Throughout the next few weeks on the blog, we’ll be discussing salmon, specifically how salmon travels from the water to our shelves. There are three categories of salmon: farmed, organic and wild. Each of these different methods of raising or harvesting salmon have different pros and cons, some with more of the latter than others. Here at Sunshine Coast Organic Meats, we’re dedicated to providing you with healthy, good-for-the-planet (and your tastebuds) products, found locally and sold consciously for the planet and its people. As a result, we believe that the wild-caught salmon is the best option for you — and we’ll explain later in another blog. Today, we wanted to explain the reality of farmed salmon.
Farmed salmon is found most often on conventional market shelves, as it is the cheapest, fastest and most abundant form of salmon collection. Each underwater cage can contain up to a million salmon, growing until they’re large enough to be sold. This means that supermarkets can meet the demand for over 50,000 pounds of salmon every year (that’s nearly 23,000 kg). It might seem like a good thing — salmon is famous for its health benefits, and it's important that it is accessible to as many people as possible — however, this kind of production always comes at a cost.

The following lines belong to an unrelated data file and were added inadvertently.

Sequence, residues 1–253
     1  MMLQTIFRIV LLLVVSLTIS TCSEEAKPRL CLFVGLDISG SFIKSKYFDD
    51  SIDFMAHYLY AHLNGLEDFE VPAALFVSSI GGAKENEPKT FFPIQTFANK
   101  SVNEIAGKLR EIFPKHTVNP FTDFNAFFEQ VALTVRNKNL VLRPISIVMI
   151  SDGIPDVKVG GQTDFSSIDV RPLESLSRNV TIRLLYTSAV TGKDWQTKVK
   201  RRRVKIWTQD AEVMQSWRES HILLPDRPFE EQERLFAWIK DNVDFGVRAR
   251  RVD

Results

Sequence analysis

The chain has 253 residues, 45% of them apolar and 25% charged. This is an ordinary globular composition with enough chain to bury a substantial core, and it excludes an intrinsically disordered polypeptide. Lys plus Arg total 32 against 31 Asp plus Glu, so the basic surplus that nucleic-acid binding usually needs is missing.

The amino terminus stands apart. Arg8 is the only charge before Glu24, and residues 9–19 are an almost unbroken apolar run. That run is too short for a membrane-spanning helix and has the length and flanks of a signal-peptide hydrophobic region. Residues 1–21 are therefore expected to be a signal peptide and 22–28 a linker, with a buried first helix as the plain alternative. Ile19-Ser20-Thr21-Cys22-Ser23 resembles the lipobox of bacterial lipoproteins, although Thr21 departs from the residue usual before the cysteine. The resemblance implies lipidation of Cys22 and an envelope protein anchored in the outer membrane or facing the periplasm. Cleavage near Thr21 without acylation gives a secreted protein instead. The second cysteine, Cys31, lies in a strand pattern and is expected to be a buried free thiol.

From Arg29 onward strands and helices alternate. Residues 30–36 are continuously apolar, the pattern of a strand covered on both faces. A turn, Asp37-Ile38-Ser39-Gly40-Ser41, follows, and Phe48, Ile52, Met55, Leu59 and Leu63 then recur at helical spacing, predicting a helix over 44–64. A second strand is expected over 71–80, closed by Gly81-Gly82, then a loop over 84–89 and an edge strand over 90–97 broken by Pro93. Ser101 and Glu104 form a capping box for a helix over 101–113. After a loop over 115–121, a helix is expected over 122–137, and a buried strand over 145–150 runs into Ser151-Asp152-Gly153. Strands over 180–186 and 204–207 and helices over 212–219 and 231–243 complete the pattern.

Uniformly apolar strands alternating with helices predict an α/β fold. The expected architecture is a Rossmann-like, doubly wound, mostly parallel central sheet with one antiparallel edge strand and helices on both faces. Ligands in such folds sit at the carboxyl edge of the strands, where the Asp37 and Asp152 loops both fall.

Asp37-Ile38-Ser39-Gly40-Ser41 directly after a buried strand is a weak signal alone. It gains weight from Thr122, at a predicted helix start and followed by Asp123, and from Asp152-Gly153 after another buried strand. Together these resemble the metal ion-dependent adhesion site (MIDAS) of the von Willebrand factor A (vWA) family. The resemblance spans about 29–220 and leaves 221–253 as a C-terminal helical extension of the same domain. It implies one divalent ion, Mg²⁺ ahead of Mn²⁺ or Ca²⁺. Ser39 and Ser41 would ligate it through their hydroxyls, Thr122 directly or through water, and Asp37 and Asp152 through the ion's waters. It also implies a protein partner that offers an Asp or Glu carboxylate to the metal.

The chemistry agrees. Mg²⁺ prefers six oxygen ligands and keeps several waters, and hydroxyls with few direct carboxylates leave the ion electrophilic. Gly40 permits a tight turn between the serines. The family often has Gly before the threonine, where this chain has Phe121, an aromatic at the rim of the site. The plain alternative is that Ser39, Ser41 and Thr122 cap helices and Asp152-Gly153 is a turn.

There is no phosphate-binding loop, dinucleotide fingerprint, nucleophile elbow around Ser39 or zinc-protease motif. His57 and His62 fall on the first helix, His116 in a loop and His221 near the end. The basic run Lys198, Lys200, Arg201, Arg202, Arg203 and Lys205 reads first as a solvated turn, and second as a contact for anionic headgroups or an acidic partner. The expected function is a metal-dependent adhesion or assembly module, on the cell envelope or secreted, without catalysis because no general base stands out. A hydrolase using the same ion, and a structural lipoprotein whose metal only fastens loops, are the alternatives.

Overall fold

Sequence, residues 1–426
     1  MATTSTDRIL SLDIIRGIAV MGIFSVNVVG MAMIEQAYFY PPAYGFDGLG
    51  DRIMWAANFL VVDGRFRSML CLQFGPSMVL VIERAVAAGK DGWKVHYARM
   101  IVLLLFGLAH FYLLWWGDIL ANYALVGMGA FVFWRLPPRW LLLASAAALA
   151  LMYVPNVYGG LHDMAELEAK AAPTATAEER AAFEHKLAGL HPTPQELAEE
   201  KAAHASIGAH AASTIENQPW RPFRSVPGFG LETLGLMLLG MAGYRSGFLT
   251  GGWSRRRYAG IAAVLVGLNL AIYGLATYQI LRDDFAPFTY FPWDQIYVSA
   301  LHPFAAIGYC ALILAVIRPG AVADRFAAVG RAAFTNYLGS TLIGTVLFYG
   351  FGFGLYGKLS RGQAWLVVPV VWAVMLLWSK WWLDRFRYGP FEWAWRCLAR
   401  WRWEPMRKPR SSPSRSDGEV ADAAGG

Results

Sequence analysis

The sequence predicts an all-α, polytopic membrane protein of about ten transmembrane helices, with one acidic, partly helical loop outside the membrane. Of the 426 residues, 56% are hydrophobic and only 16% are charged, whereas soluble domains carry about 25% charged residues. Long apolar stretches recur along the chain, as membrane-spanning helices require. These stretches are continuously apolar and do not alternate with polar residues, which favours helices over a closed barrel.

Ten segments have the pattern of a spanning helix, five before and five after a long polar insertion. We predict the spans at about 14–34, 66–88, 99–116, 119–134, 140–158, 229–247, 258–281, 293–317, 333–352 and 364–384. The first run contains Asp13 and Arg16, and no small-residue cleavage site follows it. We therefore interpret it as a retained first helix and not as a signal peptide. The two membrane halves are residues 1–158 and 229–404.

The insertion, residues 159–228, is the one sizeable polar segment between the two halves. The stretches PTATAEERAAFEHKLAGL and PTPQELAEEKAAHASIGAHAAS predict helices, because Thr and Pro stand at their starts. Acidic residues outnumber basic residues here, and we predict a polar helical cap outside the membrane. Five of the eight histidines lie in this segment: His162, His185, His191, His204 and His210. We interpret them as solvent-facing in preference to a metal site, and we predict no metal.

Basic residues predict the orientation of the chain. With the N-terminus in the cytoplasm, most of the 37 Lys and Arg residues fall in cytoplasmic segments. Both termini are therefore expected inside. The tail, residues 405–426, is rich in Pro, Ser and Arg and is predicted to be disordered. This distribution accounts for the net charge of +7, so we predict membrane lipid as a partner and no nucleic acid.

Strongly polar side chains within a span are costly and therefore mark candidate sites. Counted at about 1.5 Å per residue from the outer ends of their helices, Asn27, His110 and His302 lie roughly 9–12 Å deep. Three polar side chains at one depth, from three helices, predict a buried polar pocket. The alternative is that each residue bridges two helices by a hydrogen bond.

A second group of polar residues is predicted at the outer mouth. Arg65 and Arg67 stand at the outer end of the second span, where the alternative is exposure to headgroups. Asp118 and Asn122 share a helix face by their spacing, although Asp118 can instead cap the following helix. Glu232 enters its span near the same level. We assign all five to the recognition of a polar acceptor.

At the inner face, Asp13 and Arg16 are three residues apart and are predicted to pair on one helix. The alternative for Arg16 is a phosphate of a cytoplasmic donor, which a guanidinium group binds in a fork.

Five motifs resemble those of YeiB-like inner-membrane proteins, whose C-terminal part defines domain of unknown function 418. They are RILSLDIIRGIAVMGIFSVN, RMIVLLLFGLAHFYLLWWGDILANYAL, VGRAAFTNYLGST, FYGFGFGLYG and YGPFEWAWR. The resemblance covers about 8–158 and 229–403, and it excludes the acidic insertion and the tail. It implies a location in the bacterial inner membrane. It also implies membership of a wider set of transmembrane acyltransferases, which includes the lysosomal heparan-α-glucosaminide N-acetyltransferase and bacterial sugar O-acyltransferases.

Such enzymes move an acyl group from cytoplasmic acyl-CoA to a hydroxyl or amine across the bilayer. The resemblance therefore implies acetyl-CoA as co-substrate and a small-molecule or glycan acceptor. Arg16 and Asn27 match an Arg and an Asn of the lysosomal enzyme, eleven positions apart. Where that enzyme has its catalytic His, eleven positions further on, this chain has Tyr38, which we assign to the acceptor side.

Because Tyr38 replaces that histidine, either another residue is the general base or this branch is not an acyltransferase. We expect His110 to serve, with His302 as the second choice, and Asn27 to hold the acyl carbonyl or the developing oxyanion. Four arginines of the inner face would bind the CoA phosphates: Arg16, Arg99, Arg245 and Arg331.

Fish farming is performed all around the world, and much of it is imported to Australia for supermarket shelves. This globality means that different farms are subject to different (or no) regulatory regimes; the standards of cleanliness, animal welfare and quality processes are different everywhere. This lack of regulation, and the global demand for salmon, has lead to dozens of problems. There have been repeated reports of overcrowded environments for farmed fish, including the previously mentioned millions of salmon per cage. Overcrowding has lead to a decline in fish health and quality: similar to caged hens and the quality of chicken meat and eggs. This has also created a problem of parasites, jumping from one fish to the other, growing and breeding in size. These parasites are combated with deadly chemicals being put in the water, which is inadvertently being consumed by the fish, leading to potentially poisoned fish meat. There are also reports of contaminated fish food, or food which is unsuitable for fish.
More than just lower quality, or potentially dangerous, fish, is the consequence for the environment. Not only is the introduction of chemicals bleeding into the surrounding water, breeding and releasing parasites, but it is creating an unsuitable environment for future fish and aquatic ecosystems. With poisoned water and parasite infestations, even fish farming will suffer.
Ultimately, farmed fish doesn’t just suffer from being imported or mass produced, but also from injury, parasites, chemicals and inappropriate food. In the next few weeks, we’ll discuss organic salmon as the step up from farmed fish and wild salmon. We wholeheartedly suggest paying a little extra to get the most goodness out of salmon with organic or wild-caught salmon.